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NBA Rookie Project Analyzing and predicting the success of NBA rookies


Rookie Report: Summer League – Top 5


1) John Wall

2) Lance Stephenson

3) DeMarcus Cousins

4) Damion James

5) Derrick Caracter

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*These rankings are based solely off of how these players performed in Summer League*

1) John Wall, Washington Wizards, PG, 6'4'', 196 lbs, Kentucky

Wall was the most hyped player in Summer League, but he didn’t collapse under all of the pressure of being the #1 draft pick. He never disappointed the packed gyms he performed for. Wall looks like he’ll be an even better pro than collegiate player. There will be more space and driving lanes on the court in the NBA than there were for him at Kentucky. He led the entire Summer League in assists (7.8) and scored 23.5 points per game.

Walls speed and explosiveness were all on display in Los Vegas, but his character and attitude are what really stood out to me. He definitely showed that he can blow past defenders on all levels of competition, but I really liked that he makes his teammates better. His positive attitude and joy for the game seem infectious. Wall is a distributor by nature and his Wizards teammates will eventually cut harder, run faster on the break, be ready for the catch-and-shoot, etc. because they know that if they’re open Wall will make a play for them. This might be a revelation to some of the Wizard players who have played with “shoot first” (and second) point guards like Gilbert Arenas, Mike James, or Randy Foye.

We’ve already seen how Wall has influenced the play of center Javale McGee. This big man, entering his third year, has naturally developed but you can’t ignore Wall’s impact on McGee’s offensive output. McGee averaged 19.5 pts on 68.8% shooting and the shots he did miss were mostly his own ill advised fade aways or poorly executed post up attempts. The chemistry that Wall and McGee have is similar to how Chris Paul raised the play of Tyson Chandler, connecting on alley oops and pick-and-rolls. McGee appears to have more offensive potential than Chandler. Wall and McGee should become an exciting duo to watch, but so could Wall and Al Thornton, or Wall and Andray Blatche. Every player on the Wizards should benefit from Walls selfless play.

Overall John Wall is definitely the real deal. He has some holes in his game (5.2 TO, .377 FG%) but these are things that all rookie point guards typically need to work on. His coachability, personality, huge smile, and electric play will quickly make him the face of the franchise. The team executives have already overhauled the roster to rid the Wizards’ recent troubles. There’s only one player that could stop the Wizards from becoming Wall’s team….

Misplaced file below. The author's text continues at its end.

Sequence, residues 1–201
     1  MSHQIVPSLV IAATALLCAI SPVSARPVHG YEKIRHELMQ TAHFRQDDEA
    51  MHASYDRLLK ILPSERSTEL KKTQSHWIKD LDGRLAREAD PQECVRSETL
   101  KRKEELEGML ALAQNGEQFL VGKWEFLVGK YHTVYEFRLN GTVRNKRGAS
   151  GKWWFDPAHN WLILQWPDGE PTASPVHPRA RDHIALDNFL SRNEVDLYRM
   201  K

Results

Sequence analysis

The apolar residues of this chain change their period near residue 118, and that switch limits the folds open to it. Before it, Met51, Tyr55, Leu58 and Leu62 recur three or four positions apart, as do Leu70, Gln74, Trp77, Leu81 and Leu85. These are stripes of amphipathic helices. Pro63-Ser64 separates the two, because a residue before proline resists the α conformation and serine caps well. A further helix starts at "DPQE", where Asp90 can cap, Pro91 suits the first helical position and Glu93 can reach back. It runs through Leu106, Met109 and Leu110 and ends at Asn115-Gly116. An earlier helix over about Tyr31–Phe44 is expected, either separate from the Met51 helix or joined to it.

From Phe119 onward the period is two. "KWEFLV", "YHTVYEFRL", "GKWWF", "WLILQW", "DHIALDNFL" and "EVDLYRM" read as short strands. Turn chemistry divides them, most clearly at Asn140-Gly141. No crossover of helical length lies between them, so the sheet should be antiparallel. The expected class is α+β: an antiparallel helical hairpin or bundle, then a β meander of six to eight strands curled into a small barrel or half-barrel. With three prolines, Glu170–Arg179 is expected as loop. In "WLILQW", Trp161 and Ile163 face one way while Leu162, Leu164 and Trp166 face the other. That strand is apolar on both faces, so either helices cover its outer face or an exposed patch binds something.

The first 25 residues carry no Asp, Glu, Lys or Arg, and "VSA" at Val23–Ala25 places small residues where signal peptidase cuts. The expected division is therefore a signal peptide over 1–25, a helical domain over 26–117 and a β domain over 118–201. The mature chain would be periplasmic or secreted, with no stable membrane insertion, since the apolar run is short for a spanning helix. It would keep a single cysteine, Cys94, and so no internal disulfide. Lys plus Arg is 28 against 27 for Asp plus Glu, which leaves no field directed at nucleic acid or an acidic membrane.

2) Lance Stephenson, Indiana Pacers, PG/SG, 6'6'', 227 lbs, Cincinnati

In my opinion Lance Stephenson was the most impressive rookie in Orlando. He was incredibly efficient and smart with the ball. He looked like a totally different player than he was at Cincinnati. Stephenson had a much better shot selection and didn’t settle for long range jump shots. He looked like an early choice for steal of the draft. Unfortunately, he finished summer league prematurely due to a thigh injury. He missed most of the fourth game and the entire Orlando Summer League finale.

A huge key to his success was the Indiana Pacers’ decision to allow Stephenson to dominate the ball as a big point guard rather than a shooting guard. This proved to be a huge factor as he penetrated defenses to either finish with contact or drop off the ball to teammates. He surprisingly never seemed selfish (considering that was his reputation) and enjoyed every minute he was out on the court. I’m not saying he’s the next Tyreke Evans, but the comparisons are easy to make while watching Stephenson’s summer league games.

In his first three games Stephenson averaged 18.3 points, 3 rebounds, 2 assists, and just 2.3 turnovers. It’s easy to look at his 2 assists per game and think he wasn’t distributing the ball but that wasn’t the case at all. His summer league teammates struggled finishing for him even when he got the ball to them in good scoring opportunities. They were all plays quality NBA players would have converted. Without those missed chances Stephenson easily would have had 3-4 more assists each game.

His scoring and playmaking abilities were great, but I was most encouraged to see his positive attitude, shooting efficiency, and low turnovers. Even when his teammates made bad plays Stephenson never seemed overly frustrated and it makes me wonder if he was unjustly villainized earlier in his career. As for his shooting, Stephenson shot 75% in his first three games. Yes, 75%. He didn’t have a three point attempt in those games but it was amazing to see him play that effectively. He was definitely one of the most consistent rookies in either Summer League. His 2.3 turnovers are impressive too, especially considering that other rookie point guards selected in the first round turned the ball over at much higher rates (John Wall-5.2, Eric Bledsoe-6.2).

“Born Ready” definitely made a statement at Summer League. He’s raised the eyebrows and expectations of many NBA executives and fans. We’ll see how he progresses.

3) DeMarcus Cousins, Sacramento Kings, C, 6'11'', 292 lbs, Kentucky

Cousins had extremely high ups (18.3 pts, 11.3 rebs, 45.8 FG% in the first three games) and disappointing lows (10.7 pts, 8.3, 20.0 FG% in the final 3 games). In his first three games he looked like he might be able to challenge John Wall as the most impressive rookie in Summer League, but in his last three games he looked like he couldn’t even crack the top 10. This inconsistency is alarming, but hopefully he’ll grow out of it.

It was rumored that Cousins showed a lot more versatility and skills during his draft workouts than we were accustomed to see out of him at Kentucky, and in Los Vegas Cousins proved that he has a lot more to his game than a big body and soft touch. In Summer League he was solid pick-and-popping, operated from the high post some, floaters, handled the ball a little, and he even showed shooting range beyond the college three point line.